A Mexican man indicted by a federal grand jury in Fresno last August for marijuana cultivation in the Stanislaus National Forest near Tuolumne pleaded guilty Thursday and agreed to pay more than $45,000 in restitution to the government.
Eleno Fernandez-Garcia, 37, pleaded guilty to conspiring to manufacture, distribute, and possess with intent to distribute marijuana related to the operation located in the Basin Creek drainage area, according to a news release from the United States Department of Justice.
Fernandez-Garcia faces a minimum of 10 years to a maximum penalty of life in prison with a $10 million fine when he’s sentenced on Aug. 6.
The sentence will be determined at the discretion of the court, who will evaluate various factors and sentencing guidelines.
Fernandez-Garcia was additionally charged with manufacturing marijuana and damaging public lands and natural resources in the original indictment.
The court proceedings were heard in the United States District Court for the Eastern District of California, located in Fresno.
The release also said Fernandez-Garcia agreed to pay $45,688 in restitution to the U.S. Forest Service for the damage that the cultivation operation had on public land.
Court documents reportedly indicated that the cultivation contained 9,654 marijuana plants and 200 pounds of processed marijuana. When Fernandez-Garcia was located, he was in possession of pruning shears and two cell phones covered in marijuana debris.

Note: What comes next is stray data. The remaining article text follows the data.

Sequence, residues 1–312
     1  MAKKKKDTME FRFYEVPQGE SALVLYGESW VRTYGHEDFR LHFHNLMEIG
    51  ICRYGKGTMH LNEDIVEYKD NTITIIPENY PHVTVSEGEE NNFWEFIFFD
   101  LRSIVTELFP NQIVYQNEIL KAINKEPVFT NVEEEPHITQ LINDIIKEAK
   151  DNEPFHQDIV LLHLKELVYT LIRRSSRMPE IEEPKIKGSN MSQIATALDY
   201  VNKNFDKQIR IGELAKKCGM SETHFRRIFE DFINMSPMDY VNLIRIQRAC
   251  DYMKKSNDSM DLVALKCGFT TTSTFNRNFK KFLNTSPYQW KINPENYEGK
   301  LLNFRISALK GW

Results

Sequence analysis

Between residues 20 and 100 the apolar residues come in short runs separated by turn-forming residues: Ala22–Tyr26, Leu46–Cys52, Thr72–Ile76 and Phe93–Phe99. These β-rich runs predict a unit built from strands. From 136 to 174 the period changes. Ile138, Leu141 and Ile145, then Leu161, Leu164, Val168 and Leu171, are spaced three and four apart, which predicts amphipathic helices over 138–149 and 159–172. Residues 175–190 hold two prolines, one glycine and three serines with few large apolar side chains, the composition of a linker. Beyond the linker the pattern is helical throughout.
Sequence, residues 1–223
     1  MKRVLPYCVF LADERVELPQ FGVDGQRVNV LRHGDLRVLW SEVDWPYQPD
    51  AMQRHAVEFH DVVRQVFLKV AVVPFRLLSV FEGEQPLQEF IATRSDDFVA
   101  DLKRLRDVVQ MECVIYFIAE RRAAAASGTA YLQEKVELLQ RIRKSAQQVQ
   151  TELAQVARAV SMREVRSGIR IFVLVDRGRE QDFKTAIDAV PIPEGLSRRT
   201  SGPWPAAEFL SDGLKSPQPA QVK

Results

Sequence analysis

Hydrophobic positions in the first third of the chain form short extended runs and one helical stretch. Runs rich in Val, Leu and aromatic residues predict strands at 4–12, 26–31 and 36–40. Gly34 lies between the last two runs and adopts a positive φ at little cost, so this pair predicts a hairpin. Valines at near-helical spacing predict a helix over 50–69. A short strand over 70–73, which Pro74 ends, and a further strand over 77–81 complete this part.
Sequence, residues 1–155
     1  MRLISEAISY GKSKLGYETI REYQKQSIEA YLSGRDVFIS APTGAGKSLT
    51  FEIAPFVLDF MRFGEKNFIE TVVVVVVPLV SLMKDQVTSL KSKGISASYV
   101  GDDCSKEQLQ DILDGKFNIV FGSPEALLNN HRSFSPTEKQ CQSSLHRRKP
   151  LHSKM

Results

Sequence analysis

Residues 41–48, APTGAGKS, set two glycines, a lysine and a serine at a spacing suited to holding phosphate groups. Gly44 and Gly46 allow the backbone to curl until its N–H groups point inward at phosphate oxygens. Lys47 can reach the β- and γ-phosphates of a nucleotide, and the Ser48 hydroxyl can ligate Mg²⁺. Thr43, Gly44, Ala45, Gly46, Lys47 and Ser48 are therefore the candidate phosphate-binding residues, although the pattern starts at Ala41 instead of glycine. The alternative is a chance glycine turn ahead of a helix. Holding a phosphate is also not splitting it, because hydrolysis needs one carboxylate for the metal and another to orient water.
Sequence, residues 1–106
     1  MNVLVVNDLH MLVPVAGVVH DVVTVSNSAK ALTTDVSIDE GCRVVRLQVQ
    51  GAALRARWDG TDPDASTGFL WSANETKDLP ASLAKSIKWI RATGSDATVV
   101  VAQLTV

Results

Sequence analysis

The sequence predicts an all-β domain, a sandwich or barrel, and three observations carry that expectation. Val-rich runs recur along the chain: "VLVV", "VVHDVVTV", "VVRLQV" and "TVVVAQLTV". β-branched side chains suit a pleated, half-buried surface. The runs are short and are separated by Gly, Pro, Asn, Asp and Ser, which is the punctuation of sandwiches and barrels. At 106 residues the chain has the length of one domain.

At the time of his arrest, three people fled from the area, which was characterized as near recreational activities and a spring used for bottled water.
The environmental impacts were described as extensive, the release said, and included the use of the restricted-use chemical aluminum phosphide.
Fertilizer, a dead raccoon, trash and irrigation tubing were found at the site, and native vegetation was cut down to make room for the marijuana.
"The grow site was in a grazing permit area where cows roamed freely and had access to the plants and chemicals," the release said.
The U.S. Forest Service, the California Department of Fish and Wildlife, and the Campaign Against Marijuana Planting (CAMP) of the California Department of Justice were involved in the investigation into the case, the release said.
The Integral Ecology Research Center, a non-profit conservation organization, evaluated the environmental damage.
Assistant U.S. Attorney Karen A. Escobar prosecuted the case.
Contact Giuseppe Ricapito at email@example.com or (209) 588-4526.